DROMORE’S Drew Nelson, Grand Secretary of the Grand Orange Lodge of Ireland, has called on the UK government to extend the right of British citizenship to people in the Irish Republic.
The well-known Dromore solicitor, speaking at the July 12 demonstration in Tobermore, said the right of British citizens in Northern Ireland to apply for an Irish passport, absent a similar right for Irish citizens “from a British background and heritage” to apply for a British passport, amounted to unequal treatment of minority communities in the two jurisdictions.
It was during a visit to County Donegal Orangemen’s Centenary Exhibition on Ulster’s Solemn League and Covenant, he said, that he was reminded Brethren in the border counties felt abandoned upon partition,
“When the people of Ulster signed the Covenant in 1912,” he said, “the Unionist population in Donegal, Cavan and Monaghan played their full part and entered into the full spirit of that Covenant.
“They understood that it was a binding Covenant between all of the Unionist people of Ulster – that we would all stick together and either stand or fall together.
“The first display board on their exhibition was entitled ‘The Broken Covenant’; that heading reminded me forcefully that our Brethren in the border counties felt abandoned when, on the creation of the state of Northern Ireland, they were left out.”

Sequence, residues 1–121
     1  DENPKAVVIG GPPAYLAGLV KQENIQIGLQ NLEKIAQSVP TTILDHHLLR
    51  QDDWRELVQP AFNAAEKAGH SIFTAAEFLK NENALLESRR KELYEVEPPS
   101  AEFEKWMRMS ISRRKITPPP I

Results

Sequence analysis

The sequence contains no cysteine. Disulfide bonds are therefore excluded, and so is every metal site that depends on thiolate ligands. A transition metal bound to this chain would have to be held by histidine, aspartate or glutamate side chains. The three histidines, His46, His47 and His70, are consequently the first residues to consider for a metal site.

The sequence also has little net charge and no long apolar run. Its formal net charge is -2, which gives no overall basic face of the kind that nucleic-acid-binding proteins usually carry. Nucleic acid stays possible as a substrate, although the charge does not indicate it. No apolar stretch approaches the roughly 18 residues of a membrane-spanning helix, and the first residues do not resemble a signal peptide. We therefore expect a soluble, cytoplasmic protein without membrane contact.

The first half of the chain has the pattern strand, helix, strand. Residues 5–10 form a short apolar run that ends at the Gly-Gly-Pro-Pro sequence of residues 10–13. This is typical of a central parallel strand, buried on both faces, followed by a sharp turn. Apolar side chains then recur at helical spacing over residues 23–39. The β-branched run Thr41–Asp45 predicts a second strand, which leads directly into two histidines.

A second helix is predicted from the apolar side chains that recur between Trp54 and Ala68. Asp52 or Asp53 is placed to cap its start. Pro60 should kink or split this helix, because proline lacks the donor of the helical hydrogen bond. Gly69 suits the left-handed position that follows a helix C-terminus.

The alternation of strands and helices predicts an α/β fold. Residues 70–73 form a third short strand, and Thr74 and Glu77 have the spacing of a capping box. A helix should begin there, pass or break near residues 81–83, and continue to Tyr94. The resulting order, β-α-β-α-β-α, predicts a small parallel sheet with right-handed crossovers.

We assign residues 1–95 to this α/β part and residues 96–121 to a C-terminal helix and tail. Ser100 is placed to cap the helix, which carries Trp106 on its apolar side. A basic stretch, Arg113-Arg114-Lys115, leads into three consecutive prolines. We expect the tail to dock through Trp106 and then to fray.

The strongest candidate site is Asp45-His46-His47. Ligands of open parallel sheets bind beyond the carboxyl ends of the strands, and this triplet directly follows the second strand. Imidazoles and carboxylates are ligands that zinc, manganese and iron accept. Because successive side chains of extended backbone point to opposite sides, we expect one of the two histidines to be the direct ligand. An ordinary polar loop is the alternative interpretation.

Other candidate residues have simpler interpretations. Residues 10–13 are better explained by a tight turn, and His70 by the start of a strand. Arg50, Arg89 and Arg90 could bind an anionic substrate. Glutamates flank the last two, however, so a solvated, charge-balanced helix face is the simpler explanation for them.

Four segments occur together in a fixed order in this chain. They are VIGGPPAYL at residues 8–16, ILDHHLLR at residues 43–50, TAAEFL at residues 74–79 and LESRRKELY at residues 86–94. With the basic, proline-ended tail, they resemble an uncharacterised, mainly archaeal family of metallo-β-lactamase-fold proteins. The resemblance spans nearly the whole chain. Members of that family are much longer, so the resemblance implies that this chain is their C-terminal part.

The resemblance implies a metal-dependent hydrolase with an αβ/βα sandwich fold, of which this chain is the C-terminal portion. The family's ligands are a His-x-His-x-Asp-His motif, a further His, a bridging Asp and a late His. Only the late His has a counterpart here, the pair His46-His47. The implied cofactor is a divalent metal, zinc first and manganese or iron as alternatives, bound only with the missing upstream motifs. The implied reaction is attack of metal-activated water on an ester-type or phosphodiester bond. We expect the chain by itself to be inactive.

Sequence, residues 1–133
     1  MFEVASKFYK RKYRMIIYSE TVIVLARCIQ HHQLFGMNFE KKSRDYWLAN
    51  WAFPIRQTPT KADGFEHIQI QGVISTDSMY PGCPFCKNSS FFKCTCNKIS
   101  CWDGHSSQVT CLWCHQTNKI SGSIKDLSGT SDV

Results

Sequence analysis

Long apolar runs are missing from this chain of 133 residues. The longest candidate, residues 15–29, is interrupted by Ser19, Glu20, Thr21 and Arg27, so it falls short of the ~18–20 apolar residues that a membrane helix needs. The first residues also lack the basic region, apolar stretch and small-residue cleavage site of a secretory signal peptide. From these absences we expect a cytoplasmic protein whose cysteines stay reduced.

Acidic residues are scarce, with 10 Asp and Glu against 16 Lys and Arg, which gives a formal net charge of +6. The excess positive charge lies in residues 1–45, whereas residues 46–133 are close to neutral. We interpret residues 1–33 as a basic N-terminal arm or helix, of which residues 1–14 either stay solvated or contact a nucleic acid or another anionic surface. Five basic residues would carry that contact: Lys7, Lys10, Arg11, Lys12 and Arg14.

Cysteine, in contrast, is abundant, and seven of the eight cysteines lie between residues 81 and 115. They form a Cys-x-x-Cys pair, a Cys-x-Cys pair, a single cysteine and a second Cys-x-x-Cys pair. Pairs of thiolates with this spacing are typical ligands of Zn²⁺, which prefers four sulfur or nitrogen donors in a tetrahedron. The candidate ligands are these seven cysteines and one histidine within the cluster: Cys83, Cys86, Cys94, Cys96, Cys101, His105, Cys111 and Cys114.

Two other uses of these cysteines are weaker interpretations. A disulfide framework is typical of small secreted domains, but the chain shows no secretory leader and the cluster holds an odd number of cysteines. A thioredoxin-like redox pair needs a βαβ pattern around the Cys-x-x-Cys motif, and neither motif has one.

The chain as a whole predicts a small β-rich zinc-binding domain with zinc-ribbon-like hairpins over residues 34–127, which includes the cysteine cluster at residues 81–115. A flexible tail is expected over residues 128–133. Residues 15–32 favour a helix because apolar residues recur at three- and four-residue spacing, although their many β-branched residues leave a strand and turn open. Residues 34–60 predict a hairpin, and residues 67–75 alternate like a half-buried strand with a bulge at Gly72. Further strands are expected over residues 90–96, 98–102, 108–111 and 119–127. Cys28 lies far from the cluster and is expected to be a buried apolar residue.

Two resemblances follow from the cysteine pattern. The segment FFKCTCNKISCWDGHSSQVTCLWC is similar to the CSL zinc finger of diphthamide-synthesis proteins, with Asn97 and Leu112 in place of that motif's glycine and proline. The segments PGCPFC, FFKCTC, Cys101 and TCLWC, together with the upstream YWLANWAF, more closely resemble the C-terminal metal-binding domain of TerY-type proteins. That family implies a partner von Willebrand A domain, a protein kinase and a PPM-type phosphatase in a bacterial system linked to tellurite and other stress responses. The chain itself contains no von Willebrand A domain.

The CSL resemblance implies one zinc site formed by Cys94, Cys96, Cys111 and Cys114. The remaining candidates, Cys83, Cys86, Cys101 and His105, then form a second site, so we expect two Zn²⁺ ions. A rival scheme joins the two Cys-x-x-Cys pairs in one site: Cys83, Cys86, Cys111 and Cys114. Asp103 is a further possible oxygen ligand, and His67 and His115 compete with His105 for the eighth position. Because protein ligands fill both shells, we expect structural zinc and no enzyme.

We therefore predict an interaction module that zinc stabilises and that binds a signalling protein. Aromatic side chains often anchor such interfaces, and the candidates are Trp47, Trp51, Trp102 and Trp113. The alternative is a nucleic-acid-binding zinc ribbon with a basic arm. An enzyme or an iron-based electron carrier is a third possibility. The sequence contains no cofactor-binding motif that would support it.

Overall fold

Mr. Nelson said there had since existed an “inequality of treatment” in respect of the minority communities in the two jurisdictions.
“Anyone born in Northern Ireland can apply for and will be granted an Irish passport,” he said. “Indeed, when you call at a main Post Office in Northern Ireland and ask for a passport application you will be asked whether or not you wish to apply for an Irish passport or a British passport.
“People from a British background and heritage who were left on the southern side of the border in 1921, however, do not have the same reciprocal right to a British Passport; there is no automatic right to British citizenship for Irish citizens.
“The facility for Irish Citizens born before 1949 to claim British subject status does not confer British citizenship, although it gives them entitlement to registration as such after five years living in the United Kingdom.
“The British Nationality Act 1981, in force from January 1, 1983, retained the facility for those born in the Republic of Ireland before 1949 to register as British subjects. However, most people from a British heritage and background wishing to obtain British passports are born after 1949 and for them there is no automatic right to either British subject status or to be registered as a British citizen.”
The Grand Secretary insisted that if relationships between the peoples of the UK and Ireland were to be normalised the issue was one which had to be addressed, primarily by the British Government, who had the ability, he said, to make right what he called “this historic anomaly”.
He added, “I therefore call upon our own United Kingdom Government to review this matter in the light of the Good Friday Agreement and in the interests of equality of opportunity and treatment for the minority community in the Republic of Ireland.They are asking for no more that what has already been granted to the minority community in Northern Ireland.”